Officer Alex presents his view of our need to make sense of a chaotic world
“You see, madness, as you know, is like gravity: All it takes…is a little push.”
-The Joker from “The Dark Knight,” 2008
I was visiting with a few co-workers on a mutual friend’s boat recently, which brought up the topic of rum. And the rum, of course, brought up a few more topics that related well with the setting of the sun, in that the topics got steadily darker. We weren’t just telling stories, though, we were conferring….conferring on a topic always close to our hearts, because it represented an intangible part of an otherwise very tangible job.
The topic? Madness. And here is the hazy summary of our combined thoughts:
Madness is the word people are searching for when they are trying to explain, compartmentalize, and quantify tragic events so that we can better wrap our heads around them. Just as our eye is drawn to a crooked picture on a wall or a seatbelt hanging outside a moving car door, we instinctively know when something is out of place, and we just as instinctively want to fix it. And when we can’t? It can eat at us. Frustrate us. And depending on our proximity to the event in question, it can wear our minds to a nub.
The simple expression of basic truth in that opening quote is something that we, as a society, prefer to avoid (and therefore why it immediately stuck in my mind). Some of you that have had their sanity tested, really tested, know exactly what I mean when you read that line. It is just that simple; many of us are just a good solid (or not-so-solid) push away from turning into Roger Rabbit.
Sixteen years ago at Columbine High School, we wanted to know the same thing: Why? Where were their parents? Was it the music they listened to?
September 11, 2001: 2,985 lives lost. Why? We can’t blame the religion the perpetrators said compelled them to do this or people will think we are rude, so was it something we did to inspire this?
Hurricane Katrina, August 23, 2005: 1,836 lives were lost, tens of thousands of displaced people (inappropriately called “refugees”) wandering on foot across Louisiana and Mississippi, and so desperate for the “why?” were people that some actually blamed then-President Bush for not signing the Kyoto Accords, which clearly would have fixed the world’s climate and therefore prevented that hurricane from occurring.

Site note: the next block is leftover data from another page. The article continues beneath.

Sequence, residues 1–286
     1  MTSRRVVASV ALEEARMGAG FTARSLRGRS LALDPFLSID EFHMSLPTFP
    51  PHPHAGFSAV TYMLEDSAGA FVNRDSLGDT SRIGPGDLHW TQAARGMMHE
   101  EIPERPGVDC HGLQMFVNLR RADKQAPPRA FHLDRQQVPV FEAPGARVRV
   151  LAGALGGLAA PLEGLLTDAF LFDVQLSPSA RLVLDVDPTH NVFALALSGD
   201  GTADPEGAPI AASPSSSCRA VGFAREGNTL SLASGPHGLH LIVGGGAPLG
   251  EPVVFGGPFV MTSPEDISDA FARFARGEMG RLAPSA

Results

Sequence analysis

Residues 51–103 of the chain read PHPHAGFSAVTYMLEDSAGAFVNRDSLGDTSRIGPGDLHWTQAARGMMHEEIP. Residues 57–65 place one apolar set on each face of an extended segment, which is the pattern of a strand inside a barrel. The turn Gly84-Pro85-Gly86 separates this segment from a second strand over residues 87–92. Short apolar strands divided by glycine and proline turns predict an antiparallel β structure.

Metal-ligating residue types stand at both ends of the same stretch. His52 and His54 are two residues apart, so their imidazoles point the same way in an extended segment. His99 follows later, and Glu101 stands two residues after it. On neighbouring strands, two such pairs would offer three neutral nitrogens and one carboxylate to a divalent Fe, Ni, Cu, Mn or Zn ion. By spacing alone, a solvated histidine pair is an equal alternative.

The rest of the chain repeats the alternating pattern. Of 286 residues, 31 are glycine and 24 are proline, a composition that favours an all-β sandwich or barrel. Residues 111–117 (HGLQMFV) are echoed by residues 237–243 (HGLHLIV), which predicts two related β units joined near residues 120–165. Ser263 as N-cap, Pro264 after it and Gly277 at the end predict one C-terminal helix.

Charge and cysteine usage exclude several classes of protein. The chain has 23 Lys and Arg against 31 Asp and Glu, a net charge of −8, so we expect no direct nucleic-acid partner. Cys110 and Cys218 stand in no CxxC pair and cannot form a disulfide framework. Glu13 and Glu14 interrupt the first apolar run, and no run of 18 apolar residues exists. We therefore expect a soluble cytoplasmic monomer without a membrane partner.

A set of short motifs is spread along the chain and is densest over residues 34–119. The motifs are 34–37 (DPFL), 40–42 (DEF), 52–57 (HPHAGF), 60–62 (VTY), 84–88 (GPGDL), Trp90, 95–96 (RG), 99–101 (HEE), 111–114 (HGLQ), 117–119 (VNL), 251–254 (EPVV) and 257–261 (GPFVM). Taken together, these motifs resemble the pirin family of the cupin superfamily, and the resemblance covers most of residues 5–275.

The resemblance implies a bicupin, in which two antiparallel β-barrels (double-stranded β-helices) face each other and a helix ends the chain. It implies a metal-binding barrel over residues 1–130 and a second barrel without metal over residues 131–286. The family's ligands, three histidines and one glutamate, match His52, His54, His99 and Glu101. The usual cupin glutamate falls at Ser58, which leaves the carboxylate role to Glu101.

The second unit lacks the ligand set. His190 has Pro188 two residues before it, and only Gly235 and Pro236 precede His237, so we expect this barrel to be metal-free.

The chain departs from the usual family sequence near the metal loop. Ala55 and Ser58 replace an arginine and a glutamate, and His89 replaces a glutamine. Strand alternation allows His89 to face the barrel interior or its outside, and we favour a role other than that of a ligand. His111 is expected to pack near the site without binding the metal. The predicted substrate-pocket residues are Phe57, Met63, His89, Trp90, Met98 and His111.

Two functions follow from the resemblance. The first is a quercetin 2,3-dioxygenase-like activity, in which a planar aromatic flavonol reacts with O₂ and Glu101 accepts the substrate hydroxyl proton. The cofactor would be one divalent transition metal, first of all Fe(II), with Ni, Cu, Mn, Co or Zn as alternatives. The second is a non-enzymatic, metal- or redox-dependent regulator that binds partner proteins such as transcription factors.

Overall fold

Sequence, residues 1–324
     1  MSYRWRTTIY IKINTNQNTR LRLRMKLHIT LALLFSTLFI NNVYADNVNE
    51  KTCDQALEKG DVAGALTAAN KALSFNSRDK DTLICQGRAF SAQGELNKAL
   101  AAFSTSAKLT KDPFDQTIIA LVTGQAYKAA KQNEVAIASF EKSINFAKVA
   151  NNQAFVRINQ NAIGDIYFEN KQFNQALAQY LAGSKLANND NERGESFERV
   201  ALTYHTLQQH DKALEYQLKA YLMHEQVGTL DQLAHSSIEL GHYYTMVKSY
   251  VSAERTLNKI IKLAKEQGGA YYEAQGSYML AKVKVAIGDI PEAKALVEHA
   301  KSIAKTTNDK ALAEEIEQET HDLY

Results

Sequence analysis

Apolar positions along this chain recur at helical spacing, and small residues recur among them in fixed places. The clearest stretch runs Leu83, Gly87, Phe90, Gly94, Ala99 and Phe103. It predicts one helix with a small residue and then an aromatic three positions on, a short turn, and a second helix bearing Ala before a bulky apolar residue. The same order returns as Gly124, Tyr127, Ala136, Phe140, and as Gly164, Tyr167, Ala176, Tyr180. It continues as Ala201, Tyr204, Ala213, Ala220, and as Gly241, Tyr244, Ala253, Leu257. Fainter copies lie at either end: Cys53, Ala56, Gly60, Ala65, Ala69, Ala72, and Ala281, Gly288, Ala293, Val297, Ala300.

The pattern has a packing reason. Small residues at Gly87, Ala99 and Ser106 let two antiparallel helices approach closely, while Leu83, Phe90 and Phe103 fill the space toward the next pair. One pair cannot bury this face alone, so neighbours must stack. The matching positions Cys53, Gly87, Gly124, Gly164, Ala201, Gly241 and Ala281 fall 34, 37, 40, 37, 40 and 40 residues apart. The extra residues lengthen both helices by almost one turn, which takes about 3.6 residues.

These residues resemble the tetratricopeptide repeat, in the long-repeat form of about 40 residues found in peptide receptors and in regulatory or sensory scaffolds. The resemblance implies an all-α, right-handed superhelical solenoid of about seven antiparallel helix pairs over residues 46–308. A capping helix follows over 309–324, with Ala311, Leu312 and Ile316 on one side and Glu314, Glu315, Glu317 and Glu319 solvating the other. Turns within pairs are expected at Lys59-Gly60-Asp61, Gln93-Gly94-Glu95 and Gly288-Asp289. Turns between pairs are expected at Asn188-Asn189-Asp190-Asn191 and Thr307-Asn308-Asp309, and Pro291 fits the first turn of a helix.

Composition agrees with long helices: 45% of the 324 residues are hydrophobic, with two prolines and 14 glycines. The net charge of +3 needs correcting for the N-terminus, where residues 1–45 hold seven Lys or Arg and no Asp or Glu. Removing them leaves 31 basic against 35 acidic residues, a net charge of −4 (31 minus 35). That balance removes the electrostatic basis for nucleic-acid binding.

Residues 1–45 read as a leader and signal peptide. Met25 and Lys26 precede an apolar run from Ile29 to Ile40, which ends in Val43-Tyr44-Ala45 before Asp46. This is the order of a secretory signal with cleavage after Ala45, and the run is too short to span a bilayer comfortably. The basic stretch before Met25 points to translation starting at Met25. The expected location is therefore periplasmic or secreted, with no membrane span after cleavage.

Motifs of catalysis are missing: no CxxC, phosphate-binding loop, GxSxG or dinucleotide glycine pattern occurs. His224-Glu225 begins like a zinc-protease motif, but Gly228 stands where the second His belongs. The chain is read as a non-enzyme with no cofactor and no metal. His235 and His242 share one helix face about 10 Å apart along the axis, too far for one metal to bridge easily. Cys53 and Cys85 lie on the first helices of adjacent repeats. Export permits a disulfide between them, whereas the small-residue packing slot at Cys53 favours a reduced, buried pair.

People need to fill in the holes, to put things in a safe place so that they don’t have to live in perpetual fear of the reality that this kind of thing really happens some times, and we can’t do anything about it. That’s why we were glued to Fox News and CNN for 50 consecutive hours after the planes hit the WTC so long ago: Why? How? Disbelief.
You can put your purse in the trunk of your car in the mall parking lot at Christmas time. You can install floodlights around your homes and get a large dog to decrease the odds of burglary. You can wear a helmet when riding a motorcycle. But you can’t legislate the James Holmeses (Aurora, Colorado “Dark Knight” shooter) of the world, or the Timothy McVeighs, or the Harris and Klebolds, or the John Wayne Gacys—and it scares the hell out of us.
Will a new gun law be enacted somewhere as a result of yet another shooting? Yup. But what gun detractors inexplicably fail to realize is that Klebold and Holmes types, when preparing to break the law, generally don’t care about the law. Crazy concept, right?
We’re screening 80-year-old ladies and 6-year-old kids for guns boarding airplanes these days and making it harder to get guns in the hands of law-abiding citizens that could stop people like Holmes or Seung-Hui Cho (the killer of 32 unarmed people at the Virginia Tech massacre in 2007) as they go about rudely murdering innocent people in places of trust. But it makes us feel better…it makes us feel accomplished, even if it equates to trying to cure alcoholism with liquor.
But folks, like the bumper sticker says: “Shit Happens.” There isn’t always an explanation, a reason, or justification. All you can do is be prepared for it, no matter how unlikely it may seem. There doesn’t have to be a “why,” only a response. Mine will be with a Springfield XD Sub-Compact .40 and a racing but determined heart.
Afterwards? Well, if there was an explanation, it wouldn’t very well be called “madness,”would it?
No need for legislation. Just preparedness. That’s how I keep sleeping well, at least.